Our annual congregational meeting is on the twenty-first of this month. In order to prepare for that and our first board meeting on Tuesday, I've spent a lot of time this week writing up reports. To be fair, I may have gone a bit overboard; I'm not entirely convinced I needed to make the two graphs, but it couldn't hurt, so why worry? In any event, I have been inundated with numbers and statistics this week. The number of visitors I've had, how many homes I've visited, how many lessons I've taught, average attendance figures, budget lines . . . I even completed a survey just this morning from Christian Standard making a record of Christian Church statistics for 2017. ('Tis the season.)
It's easy to get lost in those numbers, and preachers have a hard time avoiding that trap. It's really easy to say things are going well if attendance is up or going poorly if it's down. Those are easy ways to "measure" one's ministry. It's much harder to say, "This week my flocked learned something that impacted their hearts . . . even though no one said anything." It's difficult to know for a fact God spoke to an individual, and thus it was a good worship service that day. We like the numbers because they're clean and concrete. They're easy to compare.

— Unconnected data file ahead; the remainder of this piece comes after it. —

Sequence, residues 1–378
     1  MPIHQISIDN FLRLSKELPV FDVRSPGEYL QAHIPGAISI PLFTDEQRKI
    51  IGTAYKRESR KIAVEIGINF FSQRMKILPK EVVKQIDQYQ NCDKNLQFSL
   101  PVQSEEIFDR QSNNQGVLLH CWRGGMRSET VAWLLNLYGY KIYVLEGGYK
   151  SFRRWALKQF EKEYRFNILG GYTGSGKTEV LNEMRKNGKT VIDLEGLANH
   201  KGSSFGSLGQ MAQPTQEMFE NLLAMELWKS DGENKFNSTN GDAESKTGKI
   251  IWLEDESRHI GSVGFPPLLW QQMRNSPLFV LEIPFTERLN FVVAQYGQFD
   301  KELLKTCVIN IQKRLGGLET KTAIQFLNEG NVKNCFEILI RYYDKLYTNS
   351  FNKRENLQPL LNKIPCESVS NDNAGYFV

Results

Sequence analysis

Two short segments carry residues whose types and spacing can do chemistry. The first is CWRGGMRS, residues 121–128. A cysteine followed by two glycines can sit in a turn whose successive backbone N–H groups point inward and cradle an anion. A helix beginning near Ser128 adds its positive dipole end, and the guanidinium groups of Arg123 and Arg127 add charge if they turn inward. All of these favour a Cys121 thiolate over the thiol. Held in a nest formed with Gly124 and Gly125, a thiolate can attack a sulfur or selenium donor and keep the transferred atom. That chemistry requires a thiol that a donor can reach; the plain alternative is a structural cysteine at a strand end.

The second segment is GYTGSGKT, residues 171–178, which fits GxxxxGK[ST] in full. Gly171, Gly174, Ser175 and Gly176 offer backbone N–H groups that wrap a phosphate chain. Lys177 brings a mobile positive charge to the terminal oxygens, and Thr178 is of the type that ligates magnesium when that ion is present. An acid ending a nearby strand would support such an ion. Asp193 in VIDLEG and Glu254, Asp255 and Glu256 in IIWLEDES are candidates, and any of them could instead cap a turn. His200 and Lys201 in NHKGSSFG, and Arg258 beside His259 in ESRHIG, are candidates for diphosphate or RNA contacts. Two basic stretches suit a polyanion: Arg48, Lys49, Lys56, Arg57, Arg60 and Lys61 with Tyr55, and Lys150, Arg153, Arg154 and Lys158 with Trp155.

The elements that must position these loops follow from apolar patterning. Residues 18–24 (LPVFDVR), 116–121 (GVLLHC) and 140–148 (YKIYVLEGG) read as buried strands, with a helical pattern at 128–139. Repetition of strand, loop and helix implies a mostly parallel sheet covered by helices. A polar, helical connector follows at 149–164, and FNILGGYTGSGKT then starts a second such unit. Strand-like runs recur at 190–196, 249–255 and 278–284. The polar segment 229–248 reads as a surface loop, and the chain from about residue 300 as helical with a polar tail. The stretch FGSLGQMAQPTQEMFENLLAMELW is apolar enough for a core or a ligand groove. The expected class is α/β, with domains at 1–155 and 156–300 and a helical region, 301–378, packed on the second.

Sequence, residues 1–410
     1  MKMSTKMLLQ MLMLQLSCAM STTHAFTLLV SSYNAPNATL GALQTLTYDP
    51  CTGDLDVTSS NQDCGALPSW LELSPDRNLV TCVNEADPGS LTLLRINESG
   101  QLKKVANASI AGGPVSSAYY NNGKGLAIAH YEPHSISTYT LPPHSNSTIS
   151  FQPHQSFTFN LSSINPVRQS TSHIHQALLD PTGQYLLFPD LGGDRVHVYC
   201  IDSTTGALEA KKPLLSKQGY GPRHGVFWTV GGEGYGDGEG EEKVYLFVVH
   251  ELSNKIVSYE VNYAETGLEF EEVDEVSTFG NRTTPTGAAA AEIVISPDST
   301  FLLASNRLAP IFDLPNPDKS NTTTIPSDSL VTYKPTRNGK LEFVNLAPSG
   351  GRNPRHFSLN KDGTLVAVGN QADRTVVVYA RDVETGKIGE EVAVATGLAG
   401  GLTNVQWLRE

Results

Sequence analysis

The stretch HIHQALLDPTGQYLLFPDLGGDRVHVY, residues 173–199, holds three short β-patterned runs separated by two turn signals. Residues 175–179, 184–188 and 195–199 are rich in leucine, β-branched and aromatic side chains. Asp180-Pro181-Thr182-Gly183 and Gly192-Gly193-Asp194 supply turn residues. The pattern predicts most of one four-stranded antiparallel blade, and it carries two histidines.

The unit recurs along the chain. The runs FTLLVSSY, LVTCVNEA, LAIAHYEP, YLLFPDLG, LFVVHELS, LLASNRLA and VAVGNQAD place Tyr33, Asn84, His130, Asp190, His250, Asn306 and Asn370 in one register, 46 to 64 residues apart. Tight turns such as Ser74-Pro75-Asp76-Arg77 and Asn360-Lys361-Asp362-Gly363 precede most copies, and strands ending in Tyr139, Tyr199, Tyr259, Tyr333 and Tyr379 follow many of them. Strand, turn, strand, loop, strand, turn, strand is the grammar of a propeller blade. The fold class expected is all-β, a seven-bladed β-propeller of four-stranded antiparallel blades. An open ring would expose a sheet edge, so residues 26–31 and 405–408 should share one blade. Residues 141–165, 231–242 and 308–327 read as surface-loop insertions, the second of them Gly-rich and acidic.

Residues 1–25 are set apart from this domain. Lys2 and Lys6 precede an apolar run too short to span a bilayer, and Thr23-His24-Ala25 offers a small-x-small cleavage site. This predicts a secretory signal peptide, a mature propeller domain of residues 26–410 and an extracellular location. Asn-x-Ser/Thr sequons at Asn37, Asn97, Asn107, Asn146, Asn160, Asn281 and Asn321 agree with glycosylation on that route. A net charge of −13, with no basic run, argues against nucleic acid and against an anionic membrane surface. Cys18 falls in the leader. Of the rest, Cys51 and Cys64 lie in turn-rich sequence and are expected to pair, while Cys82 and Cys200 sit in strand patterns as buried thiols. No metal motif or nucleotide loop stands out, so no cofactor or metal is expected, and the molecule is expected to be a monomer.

But comparison, as it's said, is the thief of joy, and many feel that truth. "My church had 113 people on Sunday!" a pastor exclaims excitedly. "We had over 8,000," another replies dismissively. The minister of 113 begins to wonder if he's a bad preacher, if his parishioners aren't inviting people, or what the "problem" is. Offering was down this week; did I offend a major giver with my last sermon?
Statistics are useful, but they're not the ultimate. You can't quantify the depths of someone's relationship with God -- and that's the only part that counts. Give me a church of fifty with a deep passion for serving God and reaching the lost over a complacent congregation of 500 any day.
Keep that in mind when you see me with my five-page report about 2017 -- you know, the one with the two graphs.